Wednesday, February 10, 2010

Snow Mountain in DC

With another 10-20 inches of snow projected for the Washington area today, the Wall Street Journal has a story about a snow mountain in DC. A couple of paragraphs caught my eye:
For Washington, the winter of 2010, which blanketed the capital with about 45 inches before Tuesday, seems likely to break the record 54.5 inches set a decade after record-keeping began in 1888. "I don't know any staff member that's been around that remembers snowfalls of this magnitude," Mr. Howland said.

The bigger Washington's bureaucracy becomes, the worse the consequences of shutting down. Some 230,000 federal employees have been off work since the once-in-a-century blizzard dumped about 30 inches of snow on the capital last weekend

Residents of more northerly cities may scoff at how little snow it takes to bring the capital of the richest nation on earth to its knees. Upon arriving in Washington last winter, President Barack Obama chided residents when a couple of inches of snow shuttered schools, saying they would do well to emulate "flinty Chicago toughness."

Some Japanese cities use hot water to melt the snow, an option most U.S. cities dismiss as too expensive. Cities once melted the snow by dumping it in rivers, but the accumulated salt and chemicals fouled the water. So for the most part, cities engage in low-tech, time-consuming efforts to shovel the snow into trucks and cart it to vacant lots.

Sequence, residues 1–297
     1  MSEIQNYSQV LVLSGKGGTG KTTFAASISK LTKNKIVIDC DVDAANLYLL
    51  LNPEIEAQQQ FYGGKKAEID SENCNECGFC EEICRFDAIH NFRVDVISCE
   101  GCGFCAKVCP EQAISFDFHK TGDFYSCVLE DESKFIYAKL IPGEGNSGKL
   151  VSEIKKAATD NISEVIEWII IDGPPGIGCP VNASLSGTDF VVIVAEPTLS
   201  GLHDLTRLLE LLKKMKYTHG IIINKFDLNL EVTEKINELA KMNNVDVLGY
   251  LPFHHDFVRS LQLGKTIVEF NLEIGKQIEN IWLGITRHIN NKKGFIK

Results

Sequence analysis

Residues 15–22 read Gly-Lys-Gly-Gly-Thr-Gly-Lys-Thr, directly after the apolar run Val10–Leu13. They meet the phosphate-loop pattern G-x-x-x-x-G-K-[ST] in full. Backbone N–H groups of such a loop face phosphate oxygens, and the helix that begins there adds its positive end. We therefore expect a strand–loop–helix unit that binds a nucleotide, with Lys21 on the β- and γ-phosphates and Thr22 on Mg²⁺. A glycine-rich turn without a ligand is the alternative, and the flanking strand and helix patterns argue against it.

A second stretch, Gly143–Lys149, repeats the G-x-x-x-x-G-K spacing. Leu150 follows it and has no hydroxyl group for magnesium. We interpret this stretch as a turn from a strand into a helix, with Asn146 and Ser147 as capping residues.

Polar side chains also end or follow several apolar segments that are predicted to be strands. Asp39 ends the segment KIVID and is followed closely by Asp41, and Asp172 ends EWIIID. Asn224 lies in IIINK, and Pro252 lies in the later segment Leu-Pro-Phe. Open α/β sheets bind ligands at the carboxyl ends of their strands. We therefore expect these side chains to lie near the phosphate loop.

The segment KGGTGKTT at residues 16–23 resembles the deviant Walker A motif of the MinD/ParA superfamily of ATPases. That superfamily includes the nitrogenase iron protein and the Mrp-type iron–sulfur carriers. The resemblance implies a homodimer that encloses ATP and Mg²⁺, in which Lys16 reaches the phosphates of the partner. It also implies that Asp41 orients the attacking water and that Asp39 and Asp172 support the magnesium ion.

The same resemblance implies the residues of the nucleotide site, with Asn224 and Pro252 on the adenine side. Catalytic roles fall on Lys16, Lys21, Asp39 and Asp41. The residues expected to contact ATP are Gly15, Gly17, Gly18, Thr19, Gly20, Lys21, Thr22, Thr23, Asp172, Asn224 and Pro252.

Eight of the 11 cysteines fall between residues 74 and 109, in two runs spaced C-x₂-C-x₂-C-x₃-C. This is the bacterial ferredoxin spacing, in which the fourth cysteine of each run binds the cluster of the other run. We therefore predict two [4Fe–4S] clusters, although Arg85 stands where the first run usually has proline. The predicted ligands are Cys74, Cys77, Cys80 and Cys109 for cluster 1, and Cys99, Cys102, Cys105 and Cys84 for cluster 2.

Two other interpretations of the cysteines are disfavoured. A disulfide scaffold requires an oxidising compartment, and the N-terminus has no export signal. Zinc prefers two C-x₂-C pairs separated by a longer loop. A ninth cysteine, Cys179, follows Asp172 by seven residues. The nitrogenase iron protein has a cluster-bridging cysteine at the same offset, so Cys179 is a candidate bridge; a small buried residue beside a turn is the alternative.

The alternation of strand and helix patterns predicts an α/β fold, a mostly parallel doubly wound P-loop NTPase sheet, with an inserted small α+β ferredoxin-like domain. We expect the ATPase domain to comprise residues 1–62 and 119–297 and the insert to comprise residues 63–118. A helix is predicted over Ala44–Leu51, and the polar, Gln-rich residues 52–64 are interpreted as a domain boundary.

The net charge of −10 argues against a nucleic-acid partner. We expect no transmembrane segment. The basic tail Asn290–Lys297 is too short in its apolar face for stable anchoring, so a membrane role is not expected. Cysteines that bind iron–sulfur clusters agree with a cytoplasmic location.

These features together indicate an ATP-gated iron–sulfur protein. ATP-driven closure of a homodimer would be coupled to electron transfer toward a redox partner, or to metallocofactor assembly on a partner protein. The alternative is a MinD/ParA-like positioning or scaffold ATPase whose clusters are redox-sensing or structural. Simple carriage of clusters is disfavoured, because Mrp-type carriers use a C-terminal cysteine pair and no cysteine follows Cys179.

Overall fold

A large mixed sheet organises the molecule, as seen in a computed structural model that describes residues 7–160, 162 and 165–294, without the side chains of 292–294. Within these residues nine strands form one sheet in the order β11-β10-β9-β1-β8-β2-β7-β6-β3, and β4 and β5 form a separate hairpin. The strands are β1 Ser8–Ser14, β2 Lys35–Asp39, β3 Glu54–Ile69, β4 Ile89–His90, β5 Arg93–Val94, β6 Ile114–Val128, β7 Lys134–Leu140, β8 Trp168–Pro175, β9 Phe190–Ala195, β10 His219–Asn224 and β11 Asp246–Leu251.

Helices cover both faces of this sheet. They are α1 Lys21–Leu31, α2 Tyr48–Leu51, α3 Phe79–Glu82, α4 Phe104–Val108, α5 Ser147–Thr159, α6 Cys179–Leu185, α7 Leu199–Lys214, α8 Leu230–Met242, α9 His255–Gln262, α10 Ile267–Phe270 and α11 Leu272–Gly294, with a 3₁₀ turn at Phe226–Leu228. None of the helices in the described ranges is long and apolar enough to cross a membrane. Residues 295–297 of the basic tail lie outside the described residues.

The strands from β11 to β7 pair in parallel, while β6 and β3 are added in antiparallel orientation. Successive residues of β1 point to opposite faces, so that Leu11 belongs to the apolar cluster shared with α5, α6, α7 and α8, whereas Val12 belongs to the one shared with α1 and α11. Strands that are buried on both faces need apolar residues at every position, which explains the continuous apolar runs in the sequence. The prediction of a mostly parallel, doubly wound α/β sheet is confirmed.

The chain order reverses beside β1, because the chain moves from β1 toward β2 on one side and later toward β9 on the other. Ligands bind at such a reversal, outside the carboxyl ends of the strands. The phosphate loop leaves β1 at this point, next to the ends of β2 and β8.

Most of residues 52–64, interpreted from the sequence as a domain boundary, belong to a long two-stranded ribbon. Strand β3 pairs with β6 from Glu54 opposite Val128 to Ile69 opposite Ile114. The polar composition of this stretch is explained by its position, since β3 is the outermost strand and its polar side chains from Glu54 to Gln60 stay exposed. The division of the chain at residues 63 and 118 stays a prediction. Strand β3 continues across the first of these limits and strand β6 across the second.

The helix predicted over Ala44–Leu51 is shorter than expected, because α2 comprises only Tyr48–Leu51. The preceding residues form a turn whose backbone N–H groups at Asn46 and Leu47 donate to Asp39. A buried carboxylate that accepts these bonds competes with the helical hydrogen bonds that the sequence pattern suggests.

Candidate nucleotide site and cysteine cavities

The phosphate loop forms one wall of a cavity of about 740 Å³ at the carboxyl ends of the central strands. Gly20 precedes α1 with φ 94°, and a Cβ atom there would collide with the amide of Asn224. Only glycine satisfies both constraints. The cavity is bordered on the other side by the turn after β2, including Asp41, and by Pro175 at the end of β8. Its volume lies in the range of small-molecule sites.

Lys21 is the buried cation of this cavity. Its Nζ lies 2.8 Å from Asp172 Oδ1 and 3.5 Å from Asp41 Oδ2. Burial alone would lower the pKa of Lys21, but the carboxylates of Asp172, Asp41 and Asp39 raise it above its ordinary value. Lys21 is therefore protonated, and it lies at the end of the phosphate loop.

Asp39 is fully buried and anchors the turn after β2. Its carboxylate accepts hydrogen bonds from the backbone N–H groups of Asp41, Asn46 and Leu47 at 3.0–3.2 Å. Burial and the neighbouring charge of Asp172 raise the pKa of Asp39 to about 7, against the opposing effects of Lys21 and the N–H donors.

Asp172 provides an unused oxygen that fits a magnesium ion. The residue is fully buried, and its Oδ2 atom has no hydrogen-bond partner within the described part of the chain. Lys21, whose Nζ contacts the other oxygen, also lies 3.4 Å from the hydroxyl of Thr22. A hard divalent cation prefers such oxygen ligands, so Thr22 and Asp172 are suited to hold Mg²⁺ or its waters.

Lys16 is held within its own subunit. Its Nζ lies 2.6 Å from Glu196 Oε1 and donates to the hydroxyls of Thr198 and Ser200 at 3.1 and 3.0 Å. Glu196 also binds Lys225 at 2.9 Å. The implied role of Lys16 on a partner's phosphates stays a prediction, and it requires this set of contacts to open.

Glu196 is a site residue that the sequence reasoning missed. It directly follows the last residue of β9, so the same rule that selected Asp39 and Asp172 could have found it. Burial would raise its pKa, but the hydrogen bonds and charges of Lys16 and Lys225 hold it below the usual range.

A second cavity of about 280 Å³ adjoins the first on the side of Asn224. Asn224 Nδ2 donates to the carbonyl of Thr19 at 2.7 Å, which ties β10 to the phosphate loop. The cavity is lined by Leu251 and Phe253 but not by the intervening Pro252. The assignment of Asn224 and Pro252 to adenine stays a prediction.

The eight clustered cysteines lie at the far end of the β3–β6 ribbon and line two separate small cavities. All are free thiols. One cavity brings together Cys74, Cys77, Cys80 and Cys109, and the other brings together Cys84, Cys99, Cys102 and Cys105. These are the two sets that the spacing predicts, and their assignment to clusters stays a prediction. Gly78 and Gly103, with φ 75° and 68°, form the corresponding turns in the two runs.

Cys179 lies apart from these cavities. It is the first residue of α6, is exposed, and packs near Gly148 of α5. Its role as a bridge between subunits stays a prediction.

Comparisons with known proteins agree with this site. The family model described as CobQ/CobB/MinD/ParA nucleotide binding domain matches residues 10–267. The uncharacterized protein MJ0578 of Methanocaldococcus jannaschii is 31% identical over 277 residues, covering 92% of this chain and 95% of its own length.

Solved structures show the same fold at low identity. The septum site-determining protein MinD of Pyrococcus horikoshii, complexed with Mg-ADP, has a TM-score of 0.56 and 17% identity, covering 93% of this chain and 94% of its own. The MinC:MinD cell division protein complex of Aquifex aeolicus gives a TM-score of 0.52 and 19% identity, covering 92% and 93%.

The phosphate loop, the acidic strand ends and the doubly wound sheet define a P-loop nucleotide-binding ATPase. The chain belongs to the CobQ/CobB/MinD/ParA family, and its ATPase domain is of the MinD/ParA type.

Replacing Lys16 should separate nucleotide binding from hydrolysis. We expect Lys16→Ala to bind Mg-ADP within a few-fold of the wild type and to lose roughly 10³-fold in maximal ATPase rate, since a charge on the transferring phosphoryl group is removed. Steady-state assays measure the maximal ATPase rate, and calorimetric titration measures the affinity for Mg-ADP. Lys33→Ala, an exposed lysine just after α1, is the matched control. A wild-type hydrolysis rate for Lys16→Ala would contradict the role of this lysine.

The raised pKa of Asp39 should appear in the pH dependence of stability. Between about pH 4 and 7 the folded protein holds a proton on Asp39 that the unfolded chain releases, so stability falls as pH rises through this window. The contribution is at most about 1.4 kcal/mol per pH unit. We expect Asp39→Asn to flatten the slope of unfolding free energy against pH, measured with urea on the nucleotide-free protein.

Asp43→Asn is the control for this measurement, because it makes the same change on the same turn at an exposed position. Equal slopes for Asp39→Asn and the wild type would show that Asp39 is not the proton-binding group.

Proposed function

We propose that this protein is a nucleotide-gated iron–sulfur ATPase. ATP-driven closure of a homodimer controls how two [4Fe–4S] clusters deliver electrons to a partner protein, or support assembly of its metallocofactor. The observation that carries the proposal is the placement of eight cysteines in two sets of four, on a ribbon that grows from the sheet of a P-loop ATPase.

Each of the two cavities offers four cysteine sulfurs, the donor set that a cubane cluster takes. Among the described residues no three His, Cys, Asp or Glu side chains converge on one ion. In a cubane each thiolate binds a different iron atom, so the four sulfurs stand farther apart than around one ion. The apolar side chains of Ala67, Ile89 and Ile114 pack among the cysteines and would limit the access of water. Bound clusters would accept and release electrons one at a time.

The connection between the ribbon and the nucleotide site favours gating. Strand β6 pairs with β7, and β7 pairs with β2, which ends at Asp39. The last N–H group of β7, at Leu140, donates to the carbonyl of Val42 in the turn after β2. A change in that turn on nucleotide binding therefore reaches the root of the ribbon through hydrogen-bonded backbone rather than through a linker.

Earlier this decade, the D.C Department of Public Works bought an industrial snow melter, but it broke down and they haven't been able to replace the parts. "We got a big contraption that melts 30 tons of snow an hour," spokeswoman Nancee Lyons said. "It didn't really work that well for us."
OK. I am clearly not going to deny that this is a lot of snow for this area of the country. It is and as the guy in my family who has to shovel a lot of it, it sucks.

But the Nation's Capital and the DC government is reporting that 25% of its plows are working and the industrial snow melter is broken and they can't get replacement parts--probably because they have no money. True there are some years when DC only gets a few inches of snow, and inconvenience but not crippling. But when DC can't figure out a way to get rid of the snow, it is a problem. If you can't keep one machine operational, even if you don't use it every year, you have a bigger problem.

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